MANILA, Philippines — The Republic of Haiti celebrates its 208th National Day today. Along with the Dominican Republic, it occupies the western part of the island of Hispaniola, in the Greater Antillean archipelago. Port-au-Prince is the country’s capital and largest city.
The population of Haiti is around 9.7 million, 95 percent of which are descendants of black African slaves. The rest are mulatto and white. The official languages of the country are French and Haitian Creole. The dominant religion is Roman Catholicism. Many Haitians practice a form of animism known as voodoo. Despite having common cultural links with its Hispano-Caribbean neighbors, Haiti is the only predominantly Francophone independent nation in the Americas, and one of only two (along with Canada) which designate French as an official language.
The history of Haiti has been influenced by European powers, particularly Spain, France, and the United States. In 1492, Christopher Columbus landed on Haiti. The country was ceded by Spain to France in 1697 and became a slavery-based plantation colony. The French Revolution of 1789 inspired the rebellion of slaves leading to their emancipation in 1791. Haiti gained independence in 1804, making the country the first independent black-led republic in the modern world. The United States intervened in 1915 in the midst of public disorder. Its occupation ended in 1934.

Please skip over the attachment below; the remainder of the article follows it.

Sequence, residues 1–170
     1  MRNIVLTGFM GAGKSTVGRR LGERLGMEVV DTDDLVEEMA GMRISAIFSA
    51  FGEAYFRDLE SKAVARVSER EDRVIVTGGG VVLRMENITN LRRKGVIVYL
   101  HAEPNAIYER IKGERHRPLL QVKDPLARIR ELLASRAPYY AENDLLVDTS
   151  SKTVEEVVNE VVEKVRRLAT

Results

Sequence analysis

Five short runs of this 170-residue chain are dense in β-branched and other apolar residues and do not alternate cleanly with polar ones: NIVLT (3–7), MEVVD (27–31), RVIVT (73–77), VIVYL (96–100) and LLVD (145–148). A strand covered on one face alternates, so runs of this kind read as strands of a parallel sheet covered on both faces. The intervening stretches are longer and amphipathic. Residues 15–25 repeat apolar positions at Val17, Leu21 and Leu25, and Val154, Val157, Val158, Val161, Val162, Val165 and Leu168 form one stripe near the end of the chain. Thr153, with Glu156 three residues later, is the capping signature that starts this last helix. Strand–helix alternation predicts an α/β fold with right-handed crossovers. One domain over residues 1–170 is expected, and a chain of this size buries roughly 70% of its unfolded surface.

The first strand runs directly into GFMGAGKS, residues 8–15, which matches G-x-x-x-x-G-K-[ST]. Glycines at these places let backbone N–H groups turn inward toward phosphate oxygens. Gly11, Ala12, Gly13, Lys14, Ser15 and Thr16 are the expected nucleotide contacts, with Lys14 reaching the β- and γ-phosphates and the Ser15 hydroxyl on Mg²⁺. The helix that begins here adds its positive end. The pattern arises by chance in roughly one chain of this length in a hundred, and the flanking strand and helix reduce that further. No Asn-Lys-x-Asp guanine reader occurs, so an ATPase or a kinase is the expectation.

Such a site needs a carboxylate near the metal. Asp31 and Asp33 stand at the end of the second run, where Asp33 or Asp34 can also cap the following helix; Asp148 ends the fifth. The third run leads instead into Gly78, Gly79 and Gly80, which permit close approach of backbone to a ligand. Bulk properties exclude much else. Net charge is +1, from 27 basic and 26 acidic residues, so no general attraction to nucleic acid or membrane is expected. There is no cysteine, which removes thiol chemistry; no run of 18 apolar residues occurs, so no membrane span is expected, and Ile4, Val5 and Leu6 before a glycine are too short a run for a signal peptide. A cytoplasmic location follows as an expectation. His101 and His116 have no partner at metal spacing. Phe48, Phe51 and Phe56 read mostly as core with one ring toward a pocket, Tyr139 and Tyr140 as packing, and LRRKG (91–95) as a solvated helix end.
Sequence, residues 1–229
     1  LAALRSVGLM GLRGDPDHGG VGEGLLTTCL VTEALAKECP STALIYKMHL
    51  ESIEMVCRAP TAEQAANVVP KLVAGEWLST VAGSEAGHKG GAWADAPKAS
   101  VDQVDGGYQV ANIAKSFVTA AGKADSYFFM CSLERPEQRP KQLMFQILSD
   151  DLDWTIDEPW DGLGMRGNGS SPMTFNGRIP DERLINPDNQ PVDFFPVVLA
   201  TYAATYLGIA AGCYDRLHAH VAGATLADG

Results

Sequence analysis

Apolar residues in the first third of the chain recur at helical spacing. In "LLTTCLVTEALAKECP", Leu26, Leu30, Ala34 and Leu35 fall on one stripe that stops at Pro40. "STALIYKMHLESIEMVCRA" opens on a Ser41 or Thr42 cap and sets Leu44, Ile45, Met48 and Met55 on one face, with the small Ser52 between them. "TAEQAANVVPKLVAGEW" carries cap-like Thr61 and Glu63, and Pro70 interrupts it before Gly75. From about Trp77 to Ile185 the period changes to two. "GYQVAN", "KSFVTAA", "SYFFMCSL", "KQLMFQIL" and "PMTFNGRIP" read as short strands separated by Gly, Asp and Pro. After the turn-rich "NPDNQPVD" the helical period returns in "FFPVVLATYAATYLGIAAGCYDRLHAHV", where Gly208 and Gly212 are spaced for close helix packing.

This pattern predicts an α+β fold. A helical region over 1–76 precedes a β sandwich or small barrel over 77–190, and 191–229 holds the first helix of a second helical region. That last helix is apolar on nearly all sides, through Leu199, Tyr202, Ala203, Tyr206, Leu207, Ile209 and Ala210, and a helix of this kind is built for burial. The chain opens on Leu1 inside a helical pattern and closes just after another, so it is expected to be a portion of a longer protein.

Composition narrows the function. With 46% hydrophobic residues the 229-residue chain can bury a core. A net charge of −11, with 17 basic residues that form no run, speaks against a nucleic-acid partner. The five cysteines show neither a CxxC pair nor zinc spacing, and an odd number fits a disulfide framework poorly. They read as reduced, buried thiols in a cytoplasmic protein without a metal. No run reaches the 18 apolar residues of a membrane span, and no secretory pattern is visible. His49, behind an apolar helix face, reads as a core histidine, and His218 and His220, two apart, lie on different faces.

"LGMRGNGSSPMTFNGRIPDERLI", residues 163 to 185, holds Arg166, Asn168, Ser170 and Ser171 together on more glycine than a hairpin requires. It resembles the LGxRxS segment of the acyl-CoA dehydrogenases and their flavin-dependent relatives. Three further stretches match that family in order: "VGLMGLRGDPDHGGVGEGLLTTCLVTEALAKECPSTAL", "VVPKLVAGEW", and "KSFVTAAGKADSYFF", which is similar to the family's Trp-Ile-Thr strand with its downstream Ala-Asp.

Agriculture, composed mostly of small-scale subsistence farming, is an important activity in Haiti. Two largest exports of Haiti are mangoes and coffee. The country is endowed with rich natural resources such as copper, calcium carbonate, gold, marble, bauxite, and some silver.
We congratulate the people and government of Haiti led by Their Excellencies, President Michel Martelly and Prime Minister Garry Conille, and its Philippine Consulate headed by Consul George Schulze, on the occasion of its National Day. We wish them all the best and success in all their endeavors. CONGRATULATIONS AND MABUHAY!